CT demonstrates a solid mass that shows homogenous enhancement on intravenous contrast administration. The presence of uniform contrast enhancement and large feeding vessels into the tumor is not seen in lymph node masses and schwannomas. The incorporation of large feeding vessels is typical of carotid body paragangliomas whereas schwannomas tend to displace the adjacent vessels. The medical displacement of the internal carotid artery is considered to be specific for tumors of vagal origin whether they are schwannomas or paragangliomas [4]. CT is also useful in evaluating the medial and lateral extent of the tumor, bone involvement and relation to the skull base. The vascular nature of the tumor is well demonstrated on dynamic CT and can be more clearly seen with spiral CT angio [Figure - 2],[Figure - 3].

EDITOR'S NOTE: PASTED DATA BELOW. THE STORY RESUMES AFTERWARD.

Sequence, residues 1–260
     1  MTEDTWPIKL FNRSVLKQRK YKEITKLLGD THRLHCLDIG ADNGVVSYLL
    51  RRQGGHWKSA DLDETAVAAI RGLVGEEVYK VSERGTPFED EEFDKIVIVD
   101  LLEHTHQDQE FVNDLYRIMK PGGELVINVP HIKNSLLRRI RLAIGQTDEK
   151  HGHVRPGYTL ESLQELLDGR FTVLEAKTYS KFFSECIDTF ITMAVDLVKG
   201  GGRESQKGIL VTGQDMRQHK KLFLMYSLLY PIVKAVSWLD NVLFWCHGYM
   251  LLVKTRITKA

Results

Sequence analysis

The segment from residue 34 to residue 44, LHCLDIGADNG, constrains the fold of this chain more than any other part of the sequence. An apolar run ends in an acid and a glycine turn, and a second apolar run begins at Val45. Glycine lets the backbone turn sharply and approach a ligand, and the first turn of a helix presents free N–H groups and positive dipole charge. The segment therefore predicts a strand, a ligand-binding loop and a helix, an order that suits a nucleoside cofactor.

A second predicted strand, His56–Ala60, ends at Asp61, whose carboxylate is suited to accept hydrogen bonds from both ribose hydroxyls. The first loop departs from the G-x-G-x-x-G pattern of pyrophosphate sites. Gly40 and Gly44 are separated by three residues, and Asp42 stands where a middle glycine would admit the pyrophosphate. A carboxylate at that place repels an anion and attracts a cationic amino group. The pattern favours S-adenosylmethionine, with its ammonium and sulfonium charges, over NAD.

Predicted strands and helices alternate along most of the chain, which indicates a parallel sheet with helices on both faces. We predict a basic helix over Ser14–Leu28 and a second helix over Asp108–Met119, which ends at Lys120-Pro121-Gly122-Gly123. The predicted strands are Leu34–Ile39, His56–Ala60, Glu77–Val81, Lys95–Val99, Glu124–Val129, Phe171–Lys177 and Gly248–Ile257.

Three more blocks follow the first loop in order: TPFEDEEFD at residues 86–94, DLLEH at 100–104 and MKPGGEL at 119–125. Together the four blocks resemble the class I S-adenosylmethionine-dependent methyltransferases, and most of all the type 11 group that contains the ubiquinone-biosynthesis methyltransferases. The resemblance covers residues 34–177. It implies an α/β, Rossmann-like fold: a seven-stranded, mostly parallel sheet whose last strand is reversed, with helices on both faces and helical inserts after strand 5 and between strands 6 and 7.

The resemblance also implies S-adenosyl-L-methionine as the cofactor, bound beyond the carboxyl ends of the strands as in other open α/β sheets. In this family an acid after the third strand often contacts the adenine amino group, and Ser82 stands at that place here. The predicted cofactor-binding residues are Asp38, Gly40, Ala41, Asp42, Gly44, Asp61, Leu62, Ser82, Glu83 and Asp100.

Arteriography, the gold standard for diagnosing CBTs, demonstrates a pathognomonic tumor blush as well as the feeding vessels of the tumor; and is an excellent screening tool for concomitant paragangliomas.

On MR, non-contrast T1W images demonstrate a heterogeneous mass with isointense signal intensity at the carotid artery bifurcation with multiple serpentine areas of low signal intensity representing flow voids throughout the mass. On T2W images the tumor shows hyperintense signal intensity. On intravenous gadolinium DTPA contrast administration, the tumor enhances intensely [5]. Neck masses with areas of signal void on MRI such as nodal metastasis from renal cell or thyroid carcinoma do not show displacement of the great vessels of the neck. MR angiography demonstrates splaying of the carotid arteries and may show visualization of feeder vessels to the tumor.